A mother has choked back tears as she recounted harrowing details of her son’s death, telling an inquiry health professionals wrote him off as “a grizzly child with Down syndrome”.
- Rachel Browne said there was a “lack of urgency” to treat her son Finlay, who died 71 days later
- Ms Browne said a nurse rolled her eyes at Finlay after he collapsed at a hospital
- She said a GP discharge summary said Finlay had “poor dental hygiene”, which was irrelevant to his condition
Rachel Browne was giving evidence at the Royal Commission into Violence, Abuse, Neglect and Exploitation of People with Disability in Sydney.
She said her 16-year-old son Finlay, who lived with Down syndrome, died in December 2016 after an excruciating 71-day battle in hospital which included multiple surgeries for a serious bowel obstruction.
The ordeal started at Bathurst Hospital, in regional NSW, a few months earlier in September.
Ms Browne said when she arrived at the hospital in the afternoon, Finlay, who had to be held up, collapsed on the ground.
“The triage nurse, when I looked up rolled her eyes, and I thought that’s it, we’re not going to get the help we need,” she said.
Ms Browne said the junior doctor who assessed her son 45 minutes later, had to be asked to speak directly to her son.
“He stood between Finlay and myself with his back to Finlay,” she said.
Ms Browne said she was told a special paediatric helicopter medical service would transfer Finlay to Sydney’s Westmead Children’s Hospital for emergency surgery, but it never came.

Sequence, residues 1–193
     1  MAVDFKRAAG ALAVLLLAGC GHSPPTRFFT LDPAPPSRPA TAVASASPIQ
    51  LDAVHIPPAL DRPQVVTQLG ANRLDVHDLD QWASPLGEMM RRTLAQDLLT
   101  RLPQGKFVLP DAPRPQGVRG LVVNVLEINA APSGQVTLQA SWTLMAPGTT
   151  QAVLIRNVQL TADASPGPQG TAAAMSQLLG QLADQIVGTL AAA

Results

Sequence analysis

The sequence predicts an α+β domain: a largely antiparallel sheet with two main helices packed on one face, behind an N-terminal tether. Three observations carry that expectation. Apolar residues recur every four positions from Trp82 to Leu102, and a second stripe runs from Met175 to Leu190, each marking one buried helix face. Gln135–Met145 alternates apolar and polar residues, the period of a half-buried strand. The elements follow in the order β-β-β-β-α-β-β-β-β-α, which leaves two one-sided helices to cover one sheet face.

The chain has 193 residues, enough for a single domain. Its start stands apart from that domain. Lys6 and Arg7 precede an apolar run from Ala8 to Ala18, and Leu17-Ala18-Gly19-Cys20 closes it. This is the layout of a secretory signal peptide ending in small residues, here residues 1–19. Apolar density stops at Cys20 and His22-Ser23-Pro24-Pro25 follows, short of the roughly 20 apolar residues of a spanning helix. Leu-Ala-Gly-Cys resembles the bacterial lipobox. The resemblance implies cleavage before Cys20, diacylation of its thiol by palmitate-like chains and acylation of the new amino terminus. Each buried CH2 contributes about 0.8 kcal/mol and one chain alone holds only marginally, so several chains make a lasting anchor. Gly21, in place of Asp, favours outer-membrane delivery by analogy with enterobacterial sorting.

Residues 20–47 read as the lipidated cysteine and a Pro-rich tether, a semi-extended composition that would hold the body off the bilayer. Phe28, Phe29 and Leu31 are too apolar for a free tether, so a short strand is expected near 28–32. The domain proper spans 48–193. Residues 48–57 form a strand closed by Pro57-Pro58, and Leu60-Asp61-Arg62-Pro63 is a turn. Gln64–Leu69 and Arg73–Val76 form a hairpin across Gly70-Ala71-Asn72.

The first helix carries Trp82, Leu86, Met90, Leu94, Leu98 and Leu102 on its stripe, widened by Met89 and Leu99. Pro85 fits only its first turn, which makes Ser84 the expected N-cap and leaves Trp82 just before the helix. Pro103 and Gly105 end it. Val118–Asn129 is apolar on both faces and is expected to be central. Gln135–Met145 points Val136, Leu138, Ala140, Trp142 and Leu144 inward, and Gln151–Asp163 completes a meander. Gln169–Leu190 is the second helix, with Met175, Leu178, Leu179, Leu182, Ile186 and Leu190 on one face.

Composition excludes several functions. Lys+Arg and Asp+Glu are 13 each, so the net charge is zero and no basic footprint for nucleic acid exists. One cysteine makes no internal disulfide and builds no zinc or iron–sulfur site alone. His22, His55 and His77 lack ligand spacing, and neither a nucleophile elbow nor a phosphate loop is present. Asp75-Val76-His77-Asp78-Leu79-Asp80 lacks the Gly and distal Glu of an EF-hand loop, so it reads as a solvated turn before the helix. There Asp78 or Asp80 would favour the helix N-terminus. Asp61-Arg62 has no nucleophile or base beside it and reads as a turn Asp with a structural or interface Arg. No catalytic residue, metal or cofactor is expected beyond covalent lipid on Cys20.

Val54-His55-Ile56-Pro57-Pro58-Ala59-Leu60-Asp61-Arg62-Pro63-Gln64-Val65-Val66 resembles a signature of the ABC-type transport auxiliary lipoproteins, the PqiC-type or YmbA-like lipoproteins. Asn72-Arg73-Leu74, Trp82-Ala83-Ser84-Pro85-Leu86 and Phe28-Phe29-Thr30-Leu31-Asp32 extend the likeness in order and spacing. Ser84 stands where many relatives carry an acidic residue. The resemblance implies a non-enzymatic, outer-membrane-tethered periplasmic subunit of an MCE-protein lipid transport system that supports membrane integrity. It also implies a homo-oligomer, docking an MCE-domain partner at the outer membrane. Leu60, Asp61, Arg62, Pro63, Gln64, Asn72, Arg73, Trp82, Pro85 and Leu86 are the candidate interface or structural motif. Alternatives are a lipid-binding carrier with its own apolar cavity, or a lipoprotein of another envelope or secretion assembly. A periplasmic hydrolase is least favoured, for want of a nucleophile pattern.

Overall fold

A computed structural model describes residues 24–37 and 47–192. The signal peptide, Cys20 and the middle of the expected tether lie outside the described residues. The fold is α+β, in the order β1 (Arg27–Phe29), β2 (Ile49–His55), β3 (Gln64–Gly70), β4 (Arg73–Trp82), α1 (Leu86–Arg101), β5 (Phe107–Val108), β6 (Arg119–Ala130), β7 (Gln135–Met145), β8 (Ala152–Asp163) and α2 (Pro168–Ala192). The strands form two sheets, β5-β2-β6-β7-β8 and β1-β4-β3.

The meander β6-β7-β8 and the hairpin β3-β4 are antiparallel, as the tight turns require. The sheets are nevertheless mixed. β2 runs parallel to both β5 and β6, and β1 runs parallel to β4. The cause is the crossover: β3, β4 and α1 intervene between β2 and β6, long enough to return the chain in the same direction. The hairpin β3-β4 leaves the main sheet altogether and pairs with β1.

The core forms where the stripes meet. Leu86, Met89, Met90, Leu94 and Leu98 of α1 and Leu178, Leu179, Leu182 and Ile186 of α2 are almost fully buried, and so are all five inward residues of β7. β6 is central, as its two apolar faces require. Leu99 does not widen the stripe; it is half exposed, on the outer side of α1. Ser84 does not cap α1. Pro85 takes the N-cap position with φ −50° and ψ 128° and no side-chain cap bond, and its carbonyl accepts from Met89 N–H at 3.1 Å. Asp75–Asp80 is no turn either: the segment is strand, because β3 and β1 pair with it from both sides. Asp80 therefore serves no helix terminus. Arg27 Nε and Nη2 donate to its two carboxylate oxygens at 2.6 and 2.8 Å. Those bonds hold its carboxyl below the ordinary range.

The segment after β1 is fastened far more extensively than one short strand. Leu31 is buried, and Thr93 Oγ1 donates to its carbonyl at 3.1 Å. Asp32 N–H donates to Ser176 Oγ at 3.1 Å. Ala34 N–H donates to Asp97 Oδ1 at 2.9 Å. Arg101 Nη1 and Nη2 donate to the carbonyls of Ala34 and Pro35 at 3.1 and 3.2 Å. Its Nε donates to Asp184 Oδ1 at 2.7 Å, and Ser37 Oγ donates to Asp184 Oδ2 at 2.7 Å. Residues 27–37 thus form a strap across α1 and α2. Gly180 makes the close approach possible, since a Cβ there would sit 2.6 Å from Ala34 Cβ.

He was operated on at Bathurst Hospital later that night and flown to Westmead Children’s Hospital about 5.30am the next day where he spent 65 days in ICU.
She said it caused her to feel the people involved in Finlay’s treatment had already written him off.
“There was a distinct lack of urgency,” Ms Browne said.
“Given the serious nature of what they had discovered [they] would be actioning better monitoring of Finlay.”
Ms Browne choked back tears as she told the inquiry about her son’s last days.
“It became evident that if he did recover he would have no quality of life,” she said.
“By the final surgery, which was quite aggressive, he was put back onto ventilation which he hated.
“I implored the medical team to stop, it was cruel to continue, he had been through enough.”
Ms Browne said she did not want to discourage people with cognitive and intellectual disabilities from seeking medical help.
“There are decent people out there, there are good people.”
She said there was an urgent need for better education.
On a separate occasion, when she took Finlay to the emergency department at Bathurst Hospital, she said staff “took umbrage” to the fact she had come ready for Finlay to be admitted.
“He felt that Finlay… was just a whingy child and suggested I go home and give him more Panadol and let the antibiotics take effect and in essence just let him get over it.”
Ms Browne was handed a discharge summary letter for her GP which distressed her.
“It referred to Finlay as a grizzly child with Down syndrome who had poor dental hygiene and I felt that comment was completely irrelevant as to why we were there,” she said.
The royal commission continues in Sydney this week and next week.